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It is illegal to buy drugs in the countries, though there are exceptions.

Does that sentence has the only one meaning? Does "exceptions" mean "it is legal action in other (non-mentioned) countries? Or does "exceptions" mean "it can be legal action in some areas in the (mentioned) countries? So, are "exceptions" connected with "It is illegal" or with "the countries"?

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    "though there are exceptions" is redundant, it's already implied by "most"... Commented Jan 18, 2022 at 15:44
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    The whole sentence is unclear because it isn't illegal to buy drugs in any country that I know of. There are, however, many drugs which can only be obtained on the prescription of a medical practitioner, and it is illegal in most countries to buy such drugs without a prescription. And there are some drugs which can't even be prescribed. Perhaps the question would be clearer if it referred to a specific drug. Commented Jan 18, 2022 at 15:49
  • @Andrew Tobilko, You are right. I have done correction.
    – Sergei
    Commented Jan 18, 2022 at 16:11
  • Are you asking for proofreading of a sentence you have written, or is a sentence you have seen somewhere? It makes even less sense since the edit. When many people talk about 'buying drugs' they usually mean 'illegal drugs' anyway. Commented Jan 18, 2022 at 16:35
  • [ I have made the correction; or; I corrected it.]
    – Lambie
    Commented Jan 18, 2022 at 16:35

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Edit: This was an answer to the original question, which said "most countries" rather than "the countries".

The natural meaning is that there are some countries where it is not illegal; but there are other possible readings. Another one is that it is legal in some circumstances.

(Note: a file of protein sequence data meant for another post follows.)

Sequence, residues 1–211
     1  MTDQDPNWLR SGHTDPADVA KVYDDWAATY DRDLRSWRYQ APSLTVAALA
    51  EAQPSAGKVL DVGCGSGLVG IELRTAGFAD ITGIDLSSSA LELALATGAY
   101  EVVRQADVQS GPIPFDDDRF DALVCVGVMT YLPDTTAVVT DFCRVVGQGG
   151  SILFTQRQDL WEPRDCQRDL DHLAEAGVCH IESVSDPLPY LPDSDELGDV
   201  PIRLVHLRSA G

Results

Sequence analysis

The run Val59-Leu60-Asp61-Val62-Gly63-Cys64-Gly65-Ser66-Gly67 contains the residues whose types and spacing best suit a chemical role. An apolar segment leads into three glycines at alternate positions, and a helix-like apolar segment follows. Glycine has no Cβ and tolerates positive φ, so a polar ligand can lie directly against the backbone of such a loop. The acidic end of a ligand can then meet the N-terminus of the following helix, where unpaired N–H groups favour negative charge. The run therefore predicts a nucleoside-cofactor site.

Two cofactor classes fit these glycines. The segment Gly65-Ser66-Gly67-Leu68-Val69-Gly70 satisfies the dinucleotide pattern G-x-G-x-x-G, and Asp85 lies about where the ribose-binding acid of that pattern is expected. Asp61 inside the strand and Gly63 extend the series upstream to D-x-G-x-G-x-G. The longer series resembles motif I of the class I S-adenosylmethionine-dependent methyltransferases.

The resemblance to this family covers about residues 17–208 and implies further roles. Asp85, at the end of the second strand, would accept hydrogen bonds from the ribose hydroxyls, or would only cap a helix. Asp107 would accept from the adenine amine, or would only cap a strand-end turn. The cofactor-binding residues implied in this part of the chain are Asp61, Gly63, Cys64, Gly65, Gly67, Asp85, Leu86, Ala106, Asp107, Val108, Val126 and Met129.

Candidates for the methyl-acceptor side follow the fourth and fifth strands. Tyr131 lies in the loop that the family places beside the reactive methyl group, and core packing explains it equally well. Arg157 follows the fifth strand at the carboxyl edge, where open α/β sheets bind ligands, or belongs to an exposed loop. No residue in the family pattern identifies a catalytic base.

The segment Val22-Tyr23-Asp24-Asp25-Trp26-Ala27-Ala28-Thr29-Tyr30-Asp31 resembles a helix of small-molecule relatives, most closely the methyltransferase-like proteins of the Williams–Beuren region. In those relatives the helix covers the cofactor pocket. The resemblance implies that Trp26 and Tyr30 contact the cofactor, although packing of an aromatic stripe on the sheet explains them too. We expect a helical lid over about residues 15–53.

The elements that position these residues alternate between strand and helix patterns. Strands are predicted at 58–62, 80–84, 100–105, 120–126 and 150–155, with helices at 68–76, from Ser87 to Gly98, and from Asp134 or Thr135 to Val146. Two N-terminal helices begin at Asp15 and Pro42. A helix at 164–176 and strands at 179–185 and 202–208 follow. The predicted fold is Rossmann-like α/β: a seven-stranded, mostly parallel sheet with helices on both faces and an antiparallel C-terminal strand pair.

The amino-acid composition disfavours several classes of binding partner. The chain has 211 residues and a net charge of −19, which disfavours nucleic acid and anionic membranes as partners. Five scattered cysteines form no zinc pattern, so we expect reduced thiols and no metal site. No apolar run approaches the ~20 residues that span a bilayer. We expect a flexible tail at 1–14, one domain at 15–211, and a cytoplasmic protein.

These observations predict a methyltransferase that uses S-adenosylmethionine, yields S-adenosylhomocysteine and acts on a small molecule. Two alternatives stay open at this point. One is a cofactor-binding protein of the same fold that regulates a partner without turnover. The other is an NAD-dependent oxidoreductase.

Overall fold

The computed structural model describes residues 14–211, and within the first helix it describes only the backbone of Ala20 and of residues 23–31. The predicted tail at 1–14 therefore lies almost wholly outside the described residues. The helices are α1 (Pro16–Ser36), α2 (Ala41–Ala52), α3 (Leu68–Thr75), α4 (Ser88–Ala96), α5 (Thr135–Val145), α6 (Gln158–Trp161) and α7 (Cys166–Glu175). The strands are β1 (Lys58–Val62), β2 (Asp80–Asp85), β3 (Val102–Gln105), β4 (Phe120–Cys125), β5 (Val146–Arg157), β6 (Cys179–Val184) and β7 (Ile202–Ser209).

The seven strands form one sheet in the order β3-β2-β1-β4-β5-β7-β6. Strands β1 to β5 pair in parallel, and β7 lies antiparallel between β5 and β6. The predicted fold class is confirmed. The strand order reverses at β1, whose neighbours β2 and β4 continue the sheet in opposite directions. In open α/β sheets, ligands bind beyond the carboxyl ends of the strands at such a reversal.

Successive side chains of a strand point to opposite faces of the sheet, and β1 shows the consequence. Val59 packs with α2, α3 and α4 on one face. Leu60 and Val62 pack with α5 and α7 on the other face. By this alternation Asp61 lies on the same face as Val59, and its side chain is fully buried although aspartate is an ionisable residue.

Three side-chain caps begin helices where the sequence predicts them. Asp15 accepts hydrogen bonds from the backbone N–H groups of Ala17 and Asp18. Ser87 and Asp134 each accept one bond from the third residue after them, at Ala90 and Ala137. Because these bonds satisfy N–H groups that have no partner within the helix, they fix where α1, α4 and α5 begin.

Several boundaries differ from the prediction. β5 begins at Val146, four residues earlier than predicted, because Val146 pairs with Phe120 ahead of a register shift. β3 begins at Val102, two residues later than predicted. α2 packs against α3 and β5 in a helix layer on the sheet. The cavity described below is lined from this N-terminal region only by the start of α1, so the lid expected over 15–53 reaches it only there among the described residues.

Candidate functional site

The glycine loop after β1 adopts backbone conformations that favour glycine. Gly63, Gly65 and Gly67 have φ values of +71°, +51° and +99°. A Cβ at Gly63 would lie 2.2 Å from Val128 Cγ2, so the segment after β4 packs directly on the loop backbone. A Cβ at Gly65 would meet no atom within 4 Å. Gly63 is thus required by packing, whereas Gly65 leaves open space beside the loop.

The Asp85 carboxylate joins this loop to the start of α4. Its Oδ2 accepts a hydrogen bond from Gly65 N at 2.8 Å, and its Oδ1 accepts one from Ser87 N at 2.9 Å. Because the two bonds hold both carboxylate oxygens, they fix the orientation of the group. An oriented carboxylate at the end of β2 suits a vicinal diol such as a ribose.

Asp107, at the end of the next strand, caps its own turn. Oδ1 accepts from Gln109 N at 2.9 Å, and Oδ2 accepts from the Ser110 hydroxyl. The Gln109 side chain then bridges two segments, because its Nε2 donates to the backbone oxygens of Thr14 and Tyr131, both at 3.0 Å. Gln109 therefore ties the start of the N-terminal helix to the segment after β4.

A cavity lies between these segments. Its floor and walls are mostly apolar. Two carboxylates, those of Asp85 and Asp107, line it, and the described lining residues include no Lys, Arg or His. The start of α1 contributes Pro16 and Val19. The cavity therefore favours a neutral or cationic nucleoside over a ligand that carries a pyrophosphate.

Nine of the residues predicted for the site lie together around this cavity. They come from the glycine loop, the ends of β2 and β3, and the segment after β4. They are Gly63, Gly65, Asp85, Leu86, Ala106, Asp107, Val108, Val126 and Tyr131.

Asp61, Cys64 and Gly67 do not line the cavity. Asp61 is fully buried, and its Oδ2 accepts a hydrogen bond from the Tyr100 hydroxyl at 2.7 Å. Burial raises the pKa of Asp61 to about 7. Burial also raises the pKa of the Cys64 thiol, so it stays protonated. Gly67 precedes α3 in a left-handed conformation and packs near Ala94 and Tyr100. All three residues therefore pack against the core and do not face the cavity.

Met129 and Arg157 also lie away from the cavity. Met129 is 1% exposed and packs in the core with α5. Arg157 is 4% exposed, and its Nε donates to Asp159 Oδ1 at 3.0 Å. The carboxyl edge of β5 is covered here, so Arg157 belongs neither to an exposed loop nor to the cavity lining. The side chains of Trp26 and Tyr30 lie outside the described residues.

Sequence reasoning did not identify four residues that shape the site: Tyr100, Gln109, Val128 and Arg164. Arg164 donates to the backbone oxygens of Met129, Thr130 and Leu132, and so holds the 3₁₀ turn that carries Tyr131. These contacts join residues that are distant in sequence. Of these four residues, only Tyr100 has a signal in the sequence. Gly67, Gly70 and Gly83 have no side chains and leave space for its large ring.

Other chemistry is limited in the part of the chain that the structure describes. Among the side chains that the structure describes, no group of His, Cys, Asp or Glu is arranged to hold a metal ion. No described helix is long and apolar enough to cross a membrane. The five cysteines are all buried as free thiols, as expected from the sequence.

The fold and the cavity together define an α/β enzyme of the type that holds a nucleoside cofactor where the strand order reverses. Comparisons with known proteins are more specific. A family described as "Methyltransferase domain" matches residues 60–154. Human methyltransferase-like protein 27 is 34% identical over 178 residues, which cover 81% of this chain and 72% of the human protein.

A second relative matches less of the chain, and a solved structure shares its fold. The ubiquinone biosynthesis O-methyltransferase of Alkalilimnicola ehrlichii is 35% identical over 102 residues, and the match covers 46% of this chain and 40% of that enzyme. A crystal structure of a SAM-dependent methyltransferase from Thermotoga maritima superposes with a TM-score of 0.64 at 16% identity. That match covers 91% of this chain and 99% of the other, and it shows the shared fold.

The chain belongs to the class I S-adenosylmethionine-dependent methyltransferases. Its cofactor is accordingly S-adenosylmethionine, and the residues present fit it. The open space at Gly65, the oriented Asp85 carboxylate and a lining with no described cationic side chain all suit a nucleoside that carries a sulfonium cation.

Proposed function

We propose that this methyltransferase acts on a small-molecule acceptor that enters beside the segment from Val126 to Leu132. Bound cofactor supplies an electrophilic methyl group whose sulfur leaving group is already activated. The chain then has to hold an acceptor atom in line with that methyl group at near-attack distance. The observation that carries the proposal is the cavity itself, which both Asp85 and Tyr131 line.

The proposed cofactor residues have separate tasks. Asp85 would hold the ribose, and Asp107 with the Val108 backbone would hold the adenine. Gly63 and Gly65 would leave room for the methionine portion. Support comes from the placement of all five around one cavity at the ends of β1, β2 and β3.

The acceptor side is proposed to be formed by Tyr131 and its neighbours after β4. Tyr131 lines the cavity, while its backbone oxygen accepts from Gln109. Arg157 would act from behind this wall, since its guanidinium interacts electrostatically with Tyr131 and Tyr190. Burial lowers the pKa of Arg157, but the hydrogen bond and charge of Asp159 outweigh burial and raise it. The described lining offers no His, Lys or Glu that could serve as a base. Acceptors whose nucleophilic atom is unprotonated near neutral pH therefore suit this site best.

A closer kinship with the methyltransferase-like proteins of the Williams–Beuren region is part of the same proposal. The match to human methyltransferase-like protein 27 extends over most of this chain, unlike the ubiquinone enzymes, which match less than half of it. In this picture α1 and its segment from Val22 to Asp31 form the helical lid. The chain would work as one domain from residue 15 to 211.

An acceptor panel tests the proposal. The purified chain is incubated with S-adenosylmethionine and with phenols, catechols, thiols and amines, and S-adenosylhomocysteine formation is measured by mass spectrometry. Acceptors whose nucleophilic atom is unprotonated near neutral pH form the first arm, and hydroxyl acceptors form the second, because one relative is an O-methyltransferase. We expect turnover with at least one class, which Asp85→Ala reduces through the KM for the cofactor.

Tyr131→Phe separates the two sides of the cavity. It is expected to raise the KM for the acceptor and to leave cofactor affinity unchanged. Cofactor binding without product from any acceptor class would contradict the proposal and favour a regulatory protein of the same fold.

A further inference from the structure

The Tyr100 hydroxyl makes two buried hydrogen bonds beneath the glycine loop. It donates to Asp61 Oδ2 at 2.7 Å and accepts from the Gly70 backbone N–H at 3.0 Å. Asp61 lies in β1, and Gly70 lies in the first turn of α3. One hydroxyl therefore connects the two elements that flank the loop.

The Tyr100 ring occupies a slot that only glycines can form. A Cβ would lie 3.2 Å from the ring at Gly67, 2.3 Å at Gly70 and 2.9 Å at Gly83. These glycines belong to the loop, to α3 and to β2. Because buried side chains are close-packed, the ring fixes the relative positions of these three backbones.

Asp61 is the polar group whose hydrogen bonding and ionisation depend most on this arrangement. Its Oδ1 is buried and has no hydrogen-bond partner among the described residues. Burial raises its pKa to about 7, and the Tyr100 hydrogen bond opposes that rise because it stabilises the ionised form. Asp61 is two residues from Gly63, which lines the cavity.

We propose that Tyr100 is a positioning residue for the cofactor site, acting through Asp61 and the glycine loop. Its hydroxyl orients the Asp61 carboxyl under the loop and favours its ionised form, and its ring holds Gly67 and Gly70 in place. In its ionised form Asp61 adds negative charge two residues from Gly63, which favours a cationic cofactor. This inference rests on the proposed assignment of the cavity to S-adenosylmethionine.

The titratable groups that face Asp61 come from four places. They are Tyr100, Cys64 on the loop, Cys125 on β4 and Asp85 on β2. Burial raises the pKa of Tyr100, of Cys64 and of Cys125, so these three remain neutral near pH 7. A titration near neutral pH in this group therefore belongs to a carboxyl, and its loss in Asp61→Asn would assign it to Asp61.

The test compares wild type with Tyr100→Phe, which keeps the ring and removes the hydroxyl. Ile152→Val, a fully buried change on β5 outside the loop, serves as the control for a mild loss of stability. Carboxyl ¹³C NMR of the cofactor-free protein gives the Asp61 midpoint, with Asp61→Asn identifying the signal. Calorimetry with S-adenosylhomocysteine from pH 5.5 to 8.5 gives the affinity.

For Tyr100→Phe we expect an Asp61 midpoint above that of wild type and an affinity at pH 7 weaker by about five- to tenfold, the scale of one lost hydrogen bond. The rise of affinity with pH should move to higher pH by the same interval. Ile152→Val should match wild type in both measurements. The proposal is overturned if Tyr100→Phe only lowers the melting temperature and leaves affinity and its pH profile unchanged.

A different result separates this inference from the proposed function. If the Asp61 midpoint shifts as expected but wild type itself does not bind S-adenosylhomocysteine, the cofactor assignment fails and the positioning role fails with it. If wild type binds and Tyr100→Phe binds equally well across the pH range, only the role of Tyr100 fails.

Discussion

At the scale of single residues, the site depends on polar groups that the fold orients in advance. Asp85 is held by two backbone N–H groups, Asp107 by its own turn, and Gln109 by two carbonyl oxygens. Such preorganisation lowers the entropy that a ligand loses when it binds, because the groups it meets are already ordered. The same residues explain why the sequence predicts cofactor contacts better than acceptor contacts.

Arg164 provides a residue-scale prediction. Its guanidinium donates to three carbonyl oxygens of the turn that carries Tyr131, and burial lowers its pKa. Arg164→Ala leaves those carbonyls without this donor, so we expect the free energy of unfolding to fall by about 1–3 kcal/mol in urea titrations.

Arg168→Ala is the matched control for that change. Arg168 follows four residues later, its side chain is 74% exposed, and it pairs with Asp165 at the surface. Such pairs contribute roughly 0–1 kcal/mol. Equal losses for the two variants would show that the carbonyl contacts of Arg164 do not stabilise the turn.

I think if a writer used it in anything other than the first sense they could reasonably be accused of writing unclearly.

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    In what circumstance would you use "in the countries", and not say "in some countries"?
    – Lambie
    Commented Jan 18, 2022 at 16:34
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    The OP has edited in most countries to in the countries since I answered. In the countries unambiguously implies a specific set of countries, presumably identified previously.
    – Colin Fine
    Commented Jan 18, 2022 at 16:47
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    That makes it worse for me. I don't see "in the countries"; in these countries, in those countries, in the countries listed below/above, but not just "in the countries".
    – Lambie
    Commented Jan 18, 2022 at 17:02
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    @Lambie, I don't know why you're commenting about the OP's edit on my answer, which was addressed to the original version of the question.
    – Colin Fine
    Commented Jan 18, 2022 at 17:06
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    Maybe you need to clarify that in your answer: in most countries, in some countries.
    – Lambie
    Commented Jan 18, 2022 at 17:08

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